"I wouldn't be surprised if it happens in the record industry but it hasn't been my experience. I feel most men are too terrified of me - that's why I'm not a victim.

"I'm like the boss; I'm more confident around men. I've too much respect for women to play the victim. Even my manager is scared of me."

She agrees that her 'eccentric' label is connected to her refusal to use her sexuality overtly in her videos and fashion choices.

"I think people using their body to climb the ladder is sad, even if it's knowingly and willingly," she says.

"I'm seen as different to others acts; I'm just not willing to do that, to sexualise myself and my music."

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Paloma with Leyman Lahcine, father of her young child

Stung by the initial criticism of her judging role on The Voice, Paloma gave up the red seat last year to concentrate on motherhood, but she was back on television recently in Celebrity Juice, Keith Lemon's irreverent quiz show on ITV2. Her fellow panellists and the audience burst into laughter when she ribbed Sarah Harding after the former Girls Aloud singer claimed not to have had designs on her current boyfriend, Chad Johnson, when they first met in the Celebrity Big Brother House.

Paloma's cheeky quip: "She fell on him and just fell on it, it was an accident," immediately hit the showbiz headlines.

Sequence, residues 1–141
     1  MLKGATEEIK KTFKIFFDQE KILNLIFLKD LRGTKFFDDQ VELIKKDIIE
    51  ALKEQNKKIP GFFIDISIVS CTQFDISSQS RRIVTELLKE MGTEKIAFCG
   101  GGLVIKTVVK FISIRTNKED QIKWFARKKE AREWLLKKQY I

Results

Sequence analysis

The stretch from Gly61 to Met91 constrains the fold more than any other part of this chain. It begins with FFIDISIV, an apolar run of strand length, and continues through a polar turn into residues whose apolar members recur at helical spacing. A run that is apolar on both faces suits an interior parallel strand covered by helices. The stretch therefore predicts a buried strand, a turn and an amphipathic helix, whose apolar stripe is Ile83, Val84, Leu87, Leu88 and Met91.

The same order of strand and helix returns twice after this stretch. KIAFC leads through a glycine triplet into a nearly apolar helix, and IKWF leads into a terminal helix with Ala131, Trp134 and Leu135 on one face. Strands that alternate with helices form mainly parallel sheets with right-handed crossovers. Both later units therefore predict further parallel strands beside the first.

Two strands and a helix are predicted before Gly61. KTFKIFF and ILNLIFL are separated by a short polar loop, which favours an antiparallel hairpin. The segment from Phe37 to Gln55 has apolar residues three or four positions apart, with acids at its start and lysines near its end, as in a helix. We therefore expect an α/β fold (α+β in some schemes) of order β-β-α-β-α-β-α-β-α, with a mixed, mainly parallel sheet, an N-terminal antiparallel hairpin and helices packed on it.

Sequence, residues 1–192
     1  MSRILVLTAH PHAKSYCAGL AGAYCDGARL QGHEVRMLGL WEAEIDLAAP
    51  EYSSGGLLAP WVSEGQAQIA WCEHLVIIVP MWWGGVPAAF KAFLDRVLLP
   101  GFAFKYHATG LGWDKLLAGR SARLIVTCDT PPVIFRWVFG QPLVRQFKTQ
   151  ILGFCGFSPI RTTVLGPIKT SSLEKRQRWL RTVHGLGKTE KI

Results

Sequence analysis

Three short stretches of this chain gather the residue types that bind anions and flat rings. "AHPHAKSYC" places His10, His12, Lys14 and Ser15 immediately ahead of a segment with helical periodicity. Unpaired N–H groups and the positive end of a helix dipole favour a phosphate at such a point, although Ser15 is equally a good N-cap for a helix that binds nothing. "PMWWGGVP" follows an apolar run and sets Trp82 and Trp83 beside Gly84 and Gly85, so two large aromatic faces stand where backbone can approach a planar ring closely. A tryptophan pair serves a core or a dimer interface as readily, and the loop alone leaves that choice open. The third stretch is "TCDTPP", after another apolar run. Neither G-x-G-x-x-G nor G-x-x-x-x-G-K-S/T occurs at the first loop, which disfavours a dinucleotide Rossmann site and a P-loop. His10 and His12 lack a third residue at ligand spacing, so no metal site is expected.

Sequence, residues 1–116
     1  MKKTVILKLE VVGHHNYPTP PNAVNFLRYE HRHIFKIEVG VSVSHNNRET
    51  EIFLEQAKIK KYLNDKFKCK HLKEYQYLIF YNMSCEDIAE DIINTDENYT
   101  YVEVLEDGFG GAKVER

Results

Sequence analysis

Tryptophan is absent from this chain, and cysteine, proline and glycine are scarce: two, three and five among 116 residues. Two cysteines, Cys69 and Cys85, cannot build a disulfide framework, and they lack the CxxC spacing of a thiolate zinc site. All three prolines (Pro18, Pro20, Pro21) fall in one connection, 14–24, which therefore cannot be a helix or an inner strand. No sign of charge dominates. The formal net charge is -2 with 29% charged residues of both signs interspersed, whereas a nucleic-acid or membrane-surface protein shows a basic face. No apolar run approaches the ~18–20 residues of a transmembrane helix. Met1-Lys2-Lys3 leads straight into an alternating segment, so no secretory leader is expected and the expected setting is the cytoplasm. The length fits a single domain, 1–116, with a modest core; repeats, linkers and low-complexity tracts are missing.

"The jokes I make - if a man made them, he'd be told he's funny," she says of the fuss surrounding her comment. "It's very strange if a woman is funny. I've had that all my life. There's a strong misconception by men that women are not funny.

"They get confused when we are. Then they 'like' you; you're their 'mate'."

Paloma was previously married to taxidermist Rian Hayes, but they divorced in 2005 after just a year of marriage. Her long-term boyfriend, French artist Leyman Lahcine (37), is the father of her nine-month-old baby (she has not made public the child's name or gender).

Born in Grenoble, Lahcine he has lived and worked all over the world, and spent a long time in New York before moving to London in 2014. His left-field, humorous art has been exhibited in New York and London.

For Paloma, marriage to the handsome Lahcine is not on the cards.

"Nah - everyone can do what they feel like. I don't want that for myself," she says.

"There's nothing as bonding as having a child with someone. To come home every day to that love.

"I feel like compassion, kindness, empathy and understanding are what's important and that's what I want to get across in my album. I was adamant that I wouldn't write about love. I wanted to look outside of myself. I'm coming at politics from the perspective of the common man or woman, observing why people are suffering.

"Each song on the record is about a different pocket of the socio-political world that I've been delving into. And it's about Mother Nature - she has given humanity everything we need and we have abused it. I'm asking, 'why?'

The album's title refers to herself as "the architect of the baby I made in my body". She's bringing the child with her on her upcoming tour, which includes dates in Dublin and Belfast, in the spring.

"I'll be very protective on the road but I couldn't not take the baby with me," she adds.

"I'm looking forward to coming to Ireland - my music director for 12 years, David Odlum, from The Frames, is from Dublin, and Belfast - they let go and have fun there. You really know how to enjoy yourselves."

  • Paloma Faith plays the SSE Arena in Belfast on March 23, 2018. See www.palomafaith.com. Paloma's album The Architect is out on November 17